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There is this VC vs Bitlocker debate . It is always about open source and not open source , alternative algorythms , portability , etc.... That is nothing new , but once I saw someone useing the mode of operation as an argument . VC uses XTS while BitLocker uses CBC . I am not a professional and my experience with modes of operations is very limited . I know that XTS is used for Drives and partitions and CBC is like a default mode for block ciphers . But does it really count ? Every mode of operation is secure in some way , right ? And if CBC really is not as secure as XTS , then why does one of the bigges software companies in the world ( Microsoft ) use it in there encryption solution ?

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The final part of your question ignores that there are multiple reasons to choose an encryption mode, other than bits of security. Different encryption modes offer different levels of performance, and there is more trust in modes that have been around longer.

The model of an attacker used for disk encryption is slightly different than the model used for other attacks.

To quote wikipedia:

Disk encryption methods aim to provide three distinct properties:

The data on the disk should remain confidential. Data retrieval and storage should both be fast operations, no matter where on the disk the data is stored. The encryption method should not waste disk space (i.e., the amount of storage used for encrypted data should not be significantly larger than the size of plaintext).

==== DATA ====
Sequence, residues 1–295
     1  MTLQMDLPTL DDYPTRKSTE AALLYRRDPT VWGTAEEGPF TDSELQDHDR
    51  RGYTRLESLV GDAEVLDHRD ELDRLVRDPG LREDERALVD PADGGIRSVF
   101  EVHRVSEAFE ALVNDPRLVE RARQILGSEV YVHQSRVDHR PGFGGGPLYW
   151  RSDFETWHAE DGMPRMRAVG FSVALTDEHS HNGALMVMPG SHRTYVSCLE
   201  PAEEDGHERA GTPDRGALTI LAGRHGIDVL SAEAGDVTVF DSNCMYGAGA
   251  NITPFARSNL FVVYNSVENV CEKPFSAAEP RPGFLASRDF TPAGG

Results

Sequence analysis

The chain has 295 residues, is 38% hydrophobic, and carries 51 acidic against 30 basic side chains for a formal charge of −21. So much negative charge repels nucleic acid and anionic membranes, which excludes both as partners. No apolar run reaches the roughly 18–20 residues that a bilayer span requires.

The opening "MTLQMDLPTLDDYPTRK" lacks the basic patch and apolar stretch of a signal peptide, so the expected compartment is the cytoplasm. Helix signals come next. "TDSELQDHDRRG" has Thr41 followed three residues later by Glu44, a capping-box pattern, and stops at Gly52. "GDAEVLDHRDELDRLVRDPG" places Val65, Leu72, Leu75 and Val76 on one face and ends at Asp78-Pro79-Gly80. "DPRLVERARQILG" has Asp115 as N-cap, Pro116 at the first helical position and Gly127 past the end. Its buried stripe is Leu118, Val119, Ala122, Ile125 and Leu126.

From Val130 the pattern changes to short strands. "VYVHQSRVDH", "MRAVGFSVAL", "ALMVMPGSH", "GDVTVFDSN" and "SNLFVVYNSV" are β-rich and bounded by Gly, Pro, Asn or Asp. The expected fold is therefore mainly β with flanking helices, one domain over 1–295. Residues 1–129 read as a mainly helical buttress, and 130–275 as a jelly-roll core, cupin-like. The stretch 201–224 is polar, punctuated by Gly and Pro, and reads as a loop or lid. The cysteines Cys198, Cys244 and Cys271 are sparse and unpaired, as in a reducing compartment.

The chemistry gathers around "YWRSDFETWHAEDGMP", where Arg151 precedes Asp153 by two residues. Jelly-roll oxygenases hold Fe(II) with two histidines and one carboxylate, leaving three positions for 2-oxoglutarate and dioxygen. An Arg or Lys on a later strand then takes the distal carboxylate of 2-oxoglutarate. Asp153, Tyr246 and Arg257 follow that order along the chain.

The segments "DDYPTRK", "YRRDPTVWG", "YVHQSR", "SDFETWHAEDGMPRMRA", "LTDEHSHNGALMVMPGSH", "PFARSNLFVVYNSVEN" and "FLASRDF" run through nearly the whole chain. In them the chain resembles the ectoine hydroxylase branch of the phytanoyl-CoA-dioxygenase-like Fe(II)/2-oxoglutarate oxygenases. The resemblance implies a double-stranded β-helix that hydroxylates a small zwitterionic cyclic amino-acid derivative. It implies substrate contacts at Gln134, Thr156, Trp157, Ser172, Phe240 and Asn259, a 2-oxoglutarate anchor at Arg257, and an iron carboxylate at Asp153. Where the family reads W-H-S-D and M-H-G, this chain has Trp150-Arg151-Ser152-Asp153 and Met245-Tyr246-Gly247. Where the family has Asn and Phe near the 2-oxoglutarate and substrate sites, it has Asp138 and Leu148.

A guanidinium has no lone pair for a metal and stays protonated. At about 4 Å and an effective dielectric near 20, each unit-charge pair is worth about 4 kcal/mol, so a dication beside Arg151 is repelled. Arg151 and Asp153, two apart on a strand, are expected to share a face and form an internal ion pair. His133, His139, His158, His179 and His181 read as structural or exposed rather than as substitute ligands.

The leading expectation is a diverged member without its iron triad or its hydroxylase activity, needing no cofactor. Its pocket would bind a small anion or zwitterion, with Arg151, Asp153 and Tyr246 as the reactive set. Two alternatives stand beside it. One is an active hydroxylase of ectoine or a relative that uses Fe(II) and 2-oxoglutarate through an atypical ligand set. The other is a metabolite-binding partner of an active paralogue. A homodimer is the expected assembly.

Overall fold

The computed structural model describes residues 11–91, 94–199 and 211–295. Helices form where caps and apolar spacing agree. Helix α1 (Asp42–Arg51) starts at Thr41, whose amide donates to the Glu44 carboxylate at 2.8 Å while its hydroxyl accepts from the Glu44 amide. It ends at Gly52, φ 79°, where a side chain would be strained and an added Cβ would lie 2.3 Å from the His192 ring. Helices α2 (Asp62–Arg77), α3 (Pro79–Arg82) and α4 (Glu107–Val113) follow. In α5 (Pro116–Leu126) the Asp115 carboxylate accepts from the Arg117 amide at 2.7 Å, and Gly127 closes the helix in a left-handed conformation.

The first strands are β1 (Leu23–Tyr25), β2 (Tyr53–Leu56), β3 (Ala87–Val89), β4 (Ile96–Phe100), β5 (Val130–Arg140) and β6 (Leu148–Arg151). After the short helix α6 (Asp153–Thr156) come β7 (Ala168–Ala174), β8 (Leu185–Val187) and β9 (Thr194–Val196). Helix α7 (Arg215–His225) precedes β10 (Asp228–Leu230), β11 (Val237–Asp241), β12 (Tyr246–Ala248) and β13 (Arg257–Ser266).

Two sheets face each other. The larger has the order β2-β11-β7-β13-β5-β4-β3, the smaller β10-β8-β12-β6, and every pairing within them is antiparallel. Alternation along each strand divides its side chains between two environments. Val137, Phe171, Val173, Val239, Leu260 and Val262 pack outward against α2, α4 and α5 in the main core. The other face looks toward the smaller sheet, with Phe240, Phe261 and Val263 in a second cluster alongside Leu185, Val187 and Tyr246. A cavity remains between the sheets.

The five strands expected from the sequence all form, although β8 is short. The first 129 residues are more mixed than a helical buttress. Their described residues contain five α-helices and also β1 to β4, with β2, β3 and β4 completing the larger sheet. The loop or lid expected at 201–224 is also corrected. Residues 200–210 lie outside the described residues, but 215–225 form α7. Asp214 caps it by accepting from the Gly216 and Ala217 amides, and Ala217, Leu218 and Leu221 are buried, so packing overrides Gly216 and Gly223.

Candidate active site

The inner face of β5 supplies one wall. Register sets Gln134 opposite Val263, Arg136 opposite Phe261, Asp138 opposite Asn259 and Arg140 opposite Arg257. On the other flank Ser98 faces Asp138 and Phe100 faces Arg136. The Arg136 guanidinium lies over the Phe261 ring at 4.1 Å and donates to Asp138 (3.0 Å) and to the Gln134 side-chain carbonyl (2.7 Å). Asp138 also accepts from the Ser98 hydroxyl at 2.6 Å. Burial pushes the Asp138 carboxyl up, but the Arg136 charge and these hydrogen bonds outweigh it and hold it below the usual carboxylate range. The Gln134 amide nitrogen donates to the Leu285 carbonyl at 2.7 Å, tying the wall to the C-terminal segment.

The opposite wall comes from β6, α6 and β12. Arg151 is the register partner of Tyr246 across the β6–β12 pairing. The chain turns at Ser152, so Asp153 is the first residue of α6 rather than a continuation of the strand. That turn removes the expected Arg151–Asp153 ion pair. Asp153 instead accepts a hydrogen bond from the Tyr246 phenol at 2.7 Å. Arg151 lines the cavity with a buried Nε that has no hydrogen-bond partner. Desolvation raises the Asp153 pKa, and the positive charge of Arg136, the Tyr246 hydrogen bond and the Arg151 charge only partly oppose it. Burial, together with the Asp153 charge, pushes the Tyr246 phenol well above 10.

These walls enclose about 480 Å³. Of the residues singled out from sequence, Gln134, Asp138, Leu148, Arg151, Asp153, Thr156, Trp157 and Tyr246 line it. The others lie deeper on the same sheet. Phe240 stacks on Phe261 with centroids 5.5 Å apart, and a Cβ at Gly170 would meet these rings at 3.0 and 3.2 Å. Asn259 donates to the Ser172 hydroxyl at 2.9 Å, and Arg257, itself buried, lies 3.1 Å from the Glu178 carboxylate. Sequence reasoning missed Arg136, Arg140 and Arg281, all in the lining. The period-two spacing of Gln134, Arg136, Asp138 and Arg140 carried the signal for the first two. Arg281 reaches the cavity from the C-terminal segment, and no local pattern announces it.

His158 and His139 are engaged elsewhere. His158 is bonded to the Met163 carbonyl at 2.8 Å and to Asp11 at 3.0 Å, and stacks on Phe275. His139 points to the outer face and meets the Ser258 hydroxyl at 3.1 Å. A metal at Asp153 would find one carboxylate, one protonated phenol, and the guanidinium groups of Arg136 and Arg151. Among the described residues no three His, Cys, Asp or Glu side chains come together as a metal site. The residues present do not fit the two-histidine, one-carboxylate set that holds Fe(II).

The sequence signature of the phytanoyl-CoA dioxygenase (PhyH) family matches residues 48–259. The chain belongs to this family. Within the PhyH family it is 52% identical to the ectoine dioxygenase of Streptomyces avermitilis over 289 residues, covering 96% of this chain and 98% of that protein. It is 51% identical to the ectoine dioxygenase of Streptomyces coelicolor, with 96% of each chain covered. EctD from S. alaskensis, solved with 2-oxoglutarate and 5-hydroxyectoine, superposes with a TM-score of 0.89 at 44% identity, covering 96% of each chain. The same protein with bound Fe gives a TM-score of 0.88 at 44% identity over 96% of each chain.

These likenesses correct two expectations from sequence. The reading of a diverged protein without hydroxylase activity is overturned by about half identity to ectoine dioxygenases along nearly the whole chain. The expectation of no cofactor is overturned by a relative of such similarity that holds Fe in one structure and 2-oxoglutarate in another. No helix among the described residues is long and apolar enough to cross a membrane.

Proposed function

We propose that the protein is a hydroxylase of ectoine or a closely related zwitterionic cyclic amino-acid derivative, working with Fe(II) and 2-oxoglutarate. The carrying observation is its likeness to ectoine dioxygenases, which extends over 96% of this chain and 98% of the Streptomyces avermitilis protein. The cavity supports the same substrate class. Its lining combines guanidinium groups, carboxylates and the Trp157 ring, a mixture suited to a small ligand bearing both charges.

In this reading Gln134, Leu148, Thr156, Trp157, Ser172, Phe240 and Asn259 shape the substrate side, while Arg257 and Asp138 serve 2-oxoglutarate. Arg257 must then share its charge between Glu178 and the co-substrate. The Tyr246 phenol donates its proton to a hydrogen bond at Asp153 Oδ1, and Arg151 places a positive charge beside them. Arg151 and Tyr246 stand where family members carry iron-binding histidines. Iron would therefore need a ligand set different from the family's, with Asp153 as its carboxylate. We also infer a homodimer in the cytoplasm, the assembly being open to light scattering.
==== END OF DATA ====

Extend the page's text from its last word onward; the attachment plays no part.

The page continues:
The first property requires defining an adversary from whom the data is being kept confidential. The strongest adversaries studied in the field of disk encryption have these abilities:

they can read the raw contents of the disk at any time; they can request the disk to encrypt and store arbitrary files of their choosing; and they can modify unused sectors on the disk and then request their decryption.

A method provides good confidentiality if the only information such an adversary can determine over time is whether the data in a sector has or has not changed since the last time they looked.

Plain CBC mode is susceptible to a watermark attack in these cases. When it comes to disk encryption however, normally CBC mode + ESSIV is used which takes care of the watermarking attack. CBC also suffers from the possibility of a malleability attack. (Basically another word for the commonly known CBC bit flipping attacking)

XTS mode offers protection against watermarking built in, but the chief reason to choose XTS is due to its support for ciphertext stealing. Basically ciphertext stealing is a property which allows data sectors whose length is not evenly divisible by the block size to be securely encrypted without expanding the ciphertext.

XTS however has two disadvantages. The size of the key is doubled for the same strength of encryption, and it does not provide protection against data tampering. (Modifying the ciphertext will result in valid decryption to gibberish plaintext) Redundancy for sectors is handled at an application level, and it is needed in both modes. Both veracrypt and bitlocker support XTS mode.

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The standard application for disk encryption is to store a sequence of fixed-width, say 512-byte or 4096-byte, disk sectors with random access. The standard threat model for disk encryption is a limited adversary that can only see multiple snapshots of a disk. The only security property that disk encryption provides is that the adversary can't learn more than which parts of the disk content did not change. (Forgery is outside the scope of this application: if an adversary can modify your laptop's disk, you have bigger problems and should throw it away and restore from backups in a new clean laptop.)